Hurricane Laura, Hurricane Sally Change Many Lives

Historic flooding occurred in Pensacola, Florida after Hurricane Sally made landfall in mid-September. (Image Source:

The U.S. Gulf Coast and the Gulf of Mexico have been showered in hurricanes and tropical storms in 2020’s hurricane season. So many people have lost their homes and their hometowns to these unforgiving natural disasters. Unbelievable amounts of damage from Hurricane Laura and Hurricane Sally leave many in awe. It seems almost impossible to rebuild everything that’s been lost. With a worldwide pandemic, evacuating was a great challenge for anyone on the shoreline of the hurricane hot spots.

Hurricane Laura, a category four hurricane with 150 mph winds, tore down homes and memories of hundreds of thousands of people. This monster of a natural disaster started as a large tropical wave near the West African Coast on August 16th. On August 20th, it became a tropical depression. Six days later, Laura came to its strongest point, a major hurricane, and made landfall in Louisiana on August 27th. Afterwards a total of 77 lives were lost and about $10 billion worth of damages were made in Southwestern Louisiana and Southeastern Texas.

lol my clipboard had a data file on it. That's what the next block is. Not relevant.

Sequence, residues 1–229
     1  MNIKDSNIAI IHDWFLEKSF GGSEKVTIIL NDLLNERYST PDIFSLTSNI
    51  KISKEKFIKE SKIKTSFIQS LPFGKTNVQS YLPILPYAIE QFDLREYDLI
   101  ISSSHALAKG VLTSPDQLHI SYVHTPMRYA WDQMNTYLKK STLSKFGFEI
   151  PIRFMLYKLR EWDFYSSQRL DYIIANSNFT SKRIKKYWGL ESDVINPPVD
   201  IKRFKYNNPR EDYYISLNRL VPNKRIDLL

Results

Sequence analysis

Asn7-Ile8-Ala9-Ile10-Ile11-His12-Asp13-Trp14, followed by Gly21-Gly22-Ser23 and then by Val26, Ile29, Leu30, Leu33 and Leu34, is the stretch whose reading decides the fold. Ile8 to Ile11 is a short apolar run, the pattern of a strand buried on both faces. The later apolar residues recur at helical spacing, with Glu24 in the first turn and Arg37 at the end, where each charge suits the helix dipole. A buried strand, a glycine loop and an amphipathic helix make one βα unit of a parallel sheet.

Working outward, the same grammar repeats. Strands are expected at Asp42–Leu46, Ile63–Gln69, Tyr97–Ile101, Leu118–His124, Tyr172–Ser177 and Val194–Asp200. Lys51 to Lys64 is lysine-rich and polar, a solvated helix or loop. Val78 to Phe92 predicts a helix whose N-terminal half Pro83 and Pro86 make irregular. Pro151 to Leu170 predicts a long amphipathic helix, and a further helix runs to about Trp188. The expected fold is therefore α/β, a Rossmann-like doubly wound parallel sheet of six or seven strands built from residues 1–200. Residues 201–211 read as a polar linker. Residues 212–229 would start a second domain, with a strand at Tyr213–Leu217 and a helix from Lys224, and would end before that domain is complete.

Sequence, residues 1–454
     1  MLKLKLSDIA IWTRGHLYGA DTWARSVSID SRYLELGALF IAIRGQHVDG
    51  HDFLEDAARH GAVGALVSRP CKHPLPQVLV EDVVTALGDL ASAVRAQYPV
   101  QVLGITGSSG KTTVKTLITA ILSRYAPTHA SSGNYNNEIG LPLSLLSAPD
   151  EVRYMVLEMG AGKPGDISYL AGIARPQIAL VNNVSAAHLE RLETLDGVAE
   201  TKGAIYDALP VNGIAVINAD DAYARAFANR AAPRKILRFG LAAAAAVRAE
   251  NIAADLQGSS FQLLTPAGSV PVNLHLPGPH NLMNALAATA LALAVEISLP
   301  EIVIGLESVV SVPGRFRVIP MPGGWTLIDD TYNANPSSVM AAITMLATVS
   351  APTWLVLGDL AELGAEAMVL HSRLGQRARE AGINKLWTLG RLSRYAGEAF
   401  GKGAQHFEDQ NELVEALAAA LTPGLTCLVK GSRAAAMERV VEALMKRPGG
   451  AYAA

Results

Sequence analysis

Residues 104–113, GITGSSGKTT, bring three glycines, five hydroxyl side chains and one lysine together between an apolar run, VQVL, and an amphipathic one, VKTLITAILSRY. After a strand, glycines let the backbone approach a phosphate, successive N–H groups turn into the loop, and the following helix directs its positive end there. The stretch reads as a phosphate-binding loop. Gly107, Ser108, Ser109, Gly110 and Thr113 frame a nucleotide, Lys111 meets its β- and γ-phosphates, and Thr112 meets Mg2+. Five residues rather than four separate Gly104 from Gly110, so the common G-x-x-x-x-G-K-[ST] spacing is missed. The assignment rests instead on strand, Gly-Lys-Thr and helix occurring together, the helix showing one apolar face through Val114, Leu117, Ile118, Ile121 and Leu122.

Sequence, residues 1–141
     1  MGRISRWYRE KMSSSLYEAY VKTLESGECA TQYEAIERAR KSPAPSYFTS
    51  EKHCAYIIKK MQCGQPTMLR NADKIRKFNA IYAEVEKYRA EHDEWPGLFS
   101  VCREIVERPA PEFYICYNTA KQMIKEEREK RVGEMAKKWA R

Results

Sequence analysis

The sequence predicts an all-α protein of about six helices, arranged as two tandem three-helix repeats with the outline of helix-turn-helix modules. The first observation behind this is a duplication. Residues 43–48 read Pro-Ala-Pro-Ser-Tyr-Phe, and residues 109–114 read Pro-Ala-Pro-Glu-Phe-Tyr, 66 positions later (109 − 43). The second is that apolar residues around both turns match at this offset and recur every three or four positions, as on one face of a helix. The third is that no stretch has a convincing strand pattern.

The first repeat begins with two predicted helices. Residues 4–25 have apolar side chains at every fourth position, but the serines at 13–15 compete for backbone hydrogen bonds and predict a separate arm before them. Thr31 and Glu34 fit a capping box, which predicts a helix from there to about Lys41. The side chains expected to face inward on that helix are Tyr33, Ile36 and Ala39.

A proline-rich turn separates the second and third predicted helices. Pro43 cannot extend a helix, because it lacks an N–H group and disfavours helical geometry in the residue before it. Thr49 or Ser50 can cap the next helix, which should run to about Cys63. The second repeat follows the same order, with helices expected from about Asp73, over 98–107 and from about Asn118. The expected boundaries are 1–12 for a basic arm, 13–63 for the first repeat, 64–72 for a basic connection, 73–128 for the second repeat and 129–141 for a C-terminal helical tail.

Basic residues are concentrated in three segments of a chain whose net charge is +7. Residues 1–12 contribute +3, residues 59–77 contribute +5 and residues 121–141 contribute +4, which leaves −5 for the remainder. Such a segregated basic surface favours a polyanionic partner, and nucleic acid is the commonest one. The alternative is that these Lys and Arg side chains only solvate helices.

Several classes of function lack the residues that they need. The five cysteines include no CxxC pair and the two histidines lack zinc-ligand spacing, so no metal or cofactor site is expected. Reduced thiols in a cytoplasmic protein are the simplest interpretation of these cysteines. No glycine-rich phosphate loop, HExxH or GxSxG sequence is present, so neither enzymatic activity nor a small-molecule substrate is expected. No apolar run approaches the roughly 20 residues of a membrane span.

With a worldwide pandemic, evacuating was a great challenge for anyone on the shoreline of the hurricane hot spots.”

— Hadley Hinman, Knightly News Web Reporter

Soon after Hurricane Laura, another storm was gaining strength. Hurricane Sally started as a tropical depression, which soon increased into a tropical storm. From there, Sally intensified into a category one hurricane. Later that evening, the small hurricane increased into an even stronger category two hurricane. On September 15th, Sally decreased back into a category one hurricane, and finally went back up to a category two hurricane. Hurricane Sally made landfall with wind gusts over 100 mph and weakened rapidly afterwards.

Finally, as if 2020 hasn’t already had enough, another possible hurricane began forming. Hurricane Teddy, approaching the U.S. Gulf Coast with 140bmph winds as a category 4 hurricane, threatened many. There was a chance of Teddy hitting Bermuda and then Northern New England. A possible flash flood risk posed problems in Georgia, western South Carolina, much of North Carolina and Southeastern Virginia. Teddy ended up making landfall as a post-tropical cyclone with 65 mph winds. It soon became a category two hurricane but quickly weakened. Overall, the rainfall rates from Teddy weren’t intense, so the flooding threats decreased.

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